How to Keep Your Fish Free of Disease
Once you’ve set up your aquarium and have a collection of beautiful fish happily living inside it, the last thing you want is for your fish to become ill or die. Fish that are kept as stress-free as possible in a clean and well-maintained tank are less likely to succumb to disease. Nevertheless, no matter how hard you try to avoid it, fish get sick from time to time just like other animals and people. The best thing you can do is to be aware of the most common saltwater fish diseases and to know how to treat them.
Known also as “white spot disease” and “marine ich,” this is one of the most common diseases to infect saltwater fish in aquariums. The disease is caused by a parasite, and the most obvious sign of it is small white spots or patches that begin to appear on the fish’s fins, gills, or skin. The affected fish may also have cloudy eyes, excess mucus, and ragged fins as well as a thin and pale appearance.
Treatment: Treat with copper. Be mindful that copper can be dangerous to coral so if you have coral in the tank, quarantine the infected fish before treatment.
Marine velvet is also a common disease and spreads quickly when left untreated. Fish afflicted by the disease will have inflamed and bleeding gills and their lung tissue will begin to deteriorate. The infection will also become noticeable on the body where dull, velvet-like white spots will begin to appear. In addition, the fish may start behaving oddly and stop eating while gasping and scratch against objects. Clownfish, tangs, and angelfish are particularly prone to this disease.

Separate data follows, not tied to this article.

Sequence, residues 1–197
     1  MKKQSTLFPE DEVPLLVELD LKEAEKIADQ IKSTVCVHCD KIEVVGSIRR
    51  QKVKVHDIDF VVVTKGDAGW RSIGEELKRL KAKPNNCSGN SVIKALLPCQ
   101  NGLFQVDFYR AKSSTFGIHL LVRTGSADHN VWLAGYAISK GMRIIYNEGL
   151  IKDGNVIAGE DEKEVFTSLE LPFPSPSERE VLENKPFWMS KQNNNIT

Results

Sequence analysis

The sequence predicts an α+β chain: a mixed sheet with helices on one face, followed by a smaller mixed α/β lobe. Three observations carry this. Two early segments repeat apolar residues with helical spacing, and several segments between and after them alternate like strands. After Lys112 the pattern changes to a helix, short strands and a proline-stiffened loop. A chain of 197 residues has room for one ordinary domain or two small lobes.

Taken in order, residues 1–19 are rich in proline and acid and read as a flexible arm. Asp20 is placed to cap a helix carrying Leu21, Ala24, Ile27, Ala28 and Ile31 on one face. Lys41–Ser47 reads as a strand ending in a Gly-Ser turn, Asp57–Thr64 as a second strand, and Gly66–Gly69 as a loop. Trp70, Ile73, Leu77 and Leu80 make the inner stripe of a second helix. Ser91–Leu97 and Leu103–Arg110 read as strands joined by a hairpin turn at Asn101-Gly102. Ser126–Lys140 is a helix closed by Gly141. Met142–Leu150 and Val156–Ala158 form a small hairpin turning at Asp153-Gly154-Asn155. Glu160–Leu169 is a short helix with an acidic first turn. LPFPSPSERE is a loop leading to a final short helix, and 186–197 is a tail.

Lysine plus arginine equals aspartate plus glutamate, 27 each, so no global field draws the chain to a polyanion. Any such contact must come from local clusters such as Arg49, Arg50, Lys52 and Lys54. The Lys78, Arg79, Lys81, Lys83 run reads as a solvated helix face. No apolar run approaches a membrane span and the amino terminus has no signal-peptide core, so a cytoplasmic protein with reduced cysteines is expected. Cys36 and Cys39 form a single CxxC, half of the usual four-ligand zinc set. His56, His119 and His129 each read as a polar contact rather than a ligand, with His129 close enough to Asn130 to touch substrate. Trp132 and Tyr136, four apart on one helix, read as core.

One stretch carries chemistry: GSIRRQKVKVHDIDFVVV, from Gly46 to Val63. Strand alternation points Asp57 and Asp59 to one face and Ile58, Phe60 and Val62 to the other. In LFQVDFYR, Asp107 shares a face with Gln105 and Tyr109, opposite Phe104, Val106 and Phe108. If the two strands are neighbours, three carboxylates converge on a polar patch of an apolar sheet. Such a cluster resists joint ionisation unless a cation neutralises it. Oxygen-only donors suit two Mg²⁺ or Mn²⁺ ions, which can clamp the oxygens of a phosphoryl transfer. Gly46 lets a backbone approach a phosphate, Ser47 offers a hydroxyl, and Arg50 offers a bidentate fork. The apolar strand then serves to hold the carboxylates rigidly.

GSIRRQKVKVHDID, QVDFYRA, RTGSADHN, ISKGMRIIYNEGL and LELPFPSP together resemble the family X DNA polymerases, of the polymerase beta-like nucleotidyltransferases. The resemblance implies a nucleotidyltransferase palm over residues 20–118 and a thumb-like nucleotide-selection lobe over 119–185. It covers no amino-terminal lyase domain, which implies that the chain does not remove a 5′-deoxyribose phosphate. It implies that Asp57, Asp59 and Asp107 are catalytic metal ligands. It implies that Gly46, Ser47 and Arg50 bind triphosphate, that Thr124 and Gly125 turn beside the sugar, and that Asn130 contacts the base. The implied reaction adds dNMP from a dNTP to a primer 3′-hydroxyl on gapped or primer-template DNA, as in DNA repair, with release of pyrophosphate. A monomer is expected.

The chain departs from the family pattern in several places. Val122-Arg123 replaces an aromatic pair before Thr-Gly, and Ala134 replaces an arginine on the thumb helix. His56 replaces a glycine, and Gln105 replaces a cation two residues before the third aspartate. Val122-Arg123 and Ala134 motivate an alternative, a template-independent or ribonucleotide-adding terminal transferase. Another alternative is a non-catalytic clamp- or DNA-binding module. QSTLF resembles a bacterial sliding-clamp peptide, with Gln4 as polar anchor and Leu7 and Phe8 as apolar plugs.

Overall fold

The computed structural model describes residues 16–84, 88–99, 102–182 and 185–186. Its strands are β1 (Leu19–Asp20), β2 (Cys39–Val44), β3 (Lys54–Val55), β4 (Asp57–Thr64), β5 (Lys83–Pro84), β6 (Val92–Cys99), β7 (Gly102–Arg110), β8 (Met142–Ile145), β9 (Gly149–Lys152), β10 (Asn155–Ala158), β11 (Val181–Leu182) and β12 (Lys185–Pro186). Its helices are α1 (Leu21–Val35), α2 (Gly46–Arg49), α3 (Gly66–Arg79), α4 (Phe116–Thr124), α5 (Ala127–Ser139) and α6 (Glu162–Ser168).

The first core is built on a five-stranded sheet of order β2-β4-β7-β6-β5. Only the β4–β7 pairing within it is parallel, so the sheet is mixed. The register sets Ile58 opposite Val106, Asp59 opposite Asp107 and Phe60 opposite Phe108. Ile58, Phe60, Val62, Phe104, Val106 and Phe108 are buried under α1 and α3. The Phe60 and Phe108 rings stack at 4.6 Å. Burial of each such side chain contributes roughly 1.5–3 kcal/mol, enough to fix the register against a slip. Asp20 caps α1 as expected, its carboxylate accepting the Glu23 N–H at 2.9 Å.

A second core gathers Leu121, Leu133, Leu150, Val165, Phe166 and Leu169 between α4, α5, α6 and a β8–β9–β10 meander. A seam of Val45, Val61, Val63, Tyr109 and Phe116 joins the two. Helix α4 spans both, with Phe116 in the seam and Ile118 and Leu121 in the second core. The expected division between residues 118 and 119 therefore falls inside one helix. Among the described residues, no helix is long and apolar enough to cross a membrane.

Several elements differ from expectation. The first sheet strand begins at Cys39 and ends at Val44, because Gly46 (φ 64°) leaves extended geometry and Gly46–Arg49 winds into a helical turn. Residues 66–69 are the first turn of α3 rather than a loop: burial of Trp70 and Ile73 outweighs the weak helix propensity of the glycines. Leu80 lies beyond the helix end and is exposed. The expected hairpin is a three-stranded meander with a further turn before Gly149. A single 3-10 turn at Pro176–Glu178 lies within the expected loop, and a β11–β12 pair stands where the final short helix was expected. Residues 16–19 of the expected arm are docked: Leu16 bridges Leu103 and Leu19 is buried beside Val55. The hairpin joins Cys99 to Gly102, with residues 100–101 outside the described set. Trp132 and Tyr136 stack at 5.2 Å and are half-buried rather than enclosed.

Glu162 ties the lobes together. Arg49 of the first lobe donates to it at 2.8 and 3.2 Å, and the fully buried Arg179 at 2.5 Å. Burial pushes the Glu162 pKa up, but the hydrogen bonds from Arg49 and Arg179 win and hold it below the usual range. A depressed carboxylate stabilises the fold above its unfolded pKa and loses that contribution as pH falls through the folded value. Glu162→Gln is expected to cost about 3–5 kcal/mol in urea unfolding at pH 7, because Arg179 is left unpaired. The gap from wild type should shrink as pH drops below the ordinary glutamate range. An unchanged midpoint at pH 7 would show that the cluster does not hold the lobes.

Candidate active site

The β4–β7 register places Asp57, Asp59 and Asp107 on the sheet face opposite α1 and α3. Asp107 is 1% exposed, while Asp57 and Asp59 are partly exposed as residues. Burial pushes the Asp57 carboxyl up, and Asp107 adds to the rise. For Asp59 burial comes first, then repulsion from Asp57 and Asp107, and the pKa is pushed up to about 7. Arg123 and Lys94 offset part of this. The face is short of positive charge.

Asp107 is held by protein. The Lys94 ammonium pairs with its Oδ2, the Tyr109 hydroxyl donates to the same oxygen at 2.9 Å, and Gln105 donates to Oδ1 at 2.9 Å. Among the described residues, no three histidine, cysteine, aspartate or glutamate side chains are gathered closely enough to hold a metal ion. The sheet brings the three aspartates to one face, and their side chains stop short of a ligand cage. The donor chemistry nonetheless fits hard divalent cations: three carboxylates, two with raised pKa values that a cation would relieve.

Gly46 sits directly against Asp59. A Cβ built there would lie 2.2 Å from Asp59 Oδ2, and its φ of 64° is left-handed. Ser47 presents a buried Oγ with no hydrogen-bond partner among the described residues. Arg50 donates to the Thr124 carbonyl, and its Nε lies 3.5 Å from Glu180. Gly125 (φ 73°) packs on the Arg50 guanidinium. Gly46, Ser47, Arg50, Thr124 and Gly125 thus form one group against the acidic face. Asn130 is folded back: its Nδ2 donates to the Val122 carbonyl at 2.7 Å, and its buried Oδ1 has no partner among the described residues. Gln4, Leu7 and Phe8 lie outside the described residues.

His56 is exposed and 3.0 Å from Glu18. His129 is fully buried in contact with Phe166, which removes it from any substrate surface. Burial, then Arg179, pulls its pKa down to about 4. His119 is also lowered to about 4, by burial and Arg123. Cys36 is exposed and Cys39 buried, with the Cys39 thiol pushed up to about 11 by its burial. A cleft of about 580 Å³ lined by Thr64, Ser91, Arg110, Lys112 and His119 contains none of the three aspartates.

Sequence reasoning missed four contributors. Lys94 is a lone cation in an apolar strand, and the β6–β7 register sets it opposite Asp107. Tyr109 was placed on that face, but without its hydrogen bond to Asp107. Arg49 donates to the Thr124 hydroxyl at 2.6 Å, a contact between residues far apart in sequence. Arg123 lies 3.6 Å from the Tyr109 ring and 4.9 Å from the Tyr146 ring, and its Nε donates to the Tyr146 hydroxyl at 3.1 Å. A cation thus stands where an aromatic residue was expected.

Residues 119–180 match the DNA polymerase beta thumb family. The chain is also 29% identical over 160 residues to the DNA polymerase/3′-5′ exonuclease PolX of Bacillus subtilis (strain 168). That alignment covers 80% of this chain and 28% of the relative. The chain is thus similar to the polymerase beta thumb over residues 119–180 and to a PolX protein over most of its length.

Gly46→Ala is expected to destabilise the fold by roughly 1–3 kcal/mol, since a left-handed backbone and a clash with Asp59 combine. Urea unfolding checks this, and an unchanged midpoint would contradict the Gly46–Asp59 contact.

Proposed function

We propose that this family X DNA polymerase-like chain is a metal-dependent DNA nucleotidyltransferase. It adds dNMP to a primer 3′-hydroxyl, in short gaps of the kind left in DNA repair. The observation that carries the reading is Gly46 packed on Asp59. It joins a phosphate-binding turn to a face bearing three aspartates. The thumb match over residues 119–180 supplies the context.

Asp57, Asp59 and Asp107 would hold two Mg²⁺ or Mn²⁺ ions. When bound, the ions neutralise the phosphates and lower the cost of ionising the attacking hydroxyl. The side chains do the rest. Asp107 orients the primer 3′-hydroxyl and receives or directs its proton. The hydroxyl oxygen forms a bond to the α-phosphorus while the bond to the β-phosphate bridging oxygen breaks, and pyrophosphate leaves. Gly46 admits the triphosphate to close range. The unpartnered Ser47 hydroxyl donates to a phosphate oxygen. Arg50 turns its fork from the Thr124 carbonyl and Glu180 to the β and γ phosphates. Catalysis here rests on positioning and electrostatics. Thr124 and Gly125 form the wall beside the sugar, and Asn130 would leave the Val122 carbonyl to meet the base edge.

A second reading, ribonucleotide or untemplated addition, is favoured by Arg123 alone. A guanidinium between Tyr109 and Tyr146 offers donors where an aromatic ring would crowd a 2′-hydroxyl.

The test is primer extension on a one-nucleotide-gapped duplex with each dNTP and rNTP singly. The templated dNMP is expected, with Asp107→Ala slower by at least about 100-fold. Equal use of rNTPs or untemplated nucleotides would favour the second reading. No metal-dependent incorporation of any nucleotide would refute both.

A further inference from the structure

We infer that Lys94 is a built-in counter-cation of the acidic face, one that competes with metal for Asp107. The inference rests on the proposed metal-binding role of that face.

Treatment: This disease has a high mortality rate but can also be treated with copper.
Fin rot is a bacterial infection that often begins with poor water conditions and fish nipping at each other. The main symptom is fraying fins that look ragged. The fin could become so infected that it could be destroyed entirely. The infection could also spread to the skin and into the gills.
Treatment: Quarantine the infected fish and treat them with anti-bacterial medication while doing a partial water change and ensuring the proper function and maintenance of the filter.
This disease is also known as fish tuberculosis. It is not always easy to treat and can be challenging to diagnose. The fish will eventually start developing skin lesions and their eyes will look like they are popping out. They will stop eating, become lethargic, and their scales may begin to drop off. Unfortunately, by the time these symptoms appear, it may be too late to save the fish.
Treatment: Although unlikely, it is possible for fish to recover from this disease with antibiotics. However, the best way to treat this disease is to prevent it altogether. The bacteria that causes it is transmitted through raw fish and feces. Try not to feed your fish raw fish and keep the tank clean and feces-free. If your aquarium becomes infected, it is also recommended that the water be replaced and that the tank be sterilized before bringing in new fish.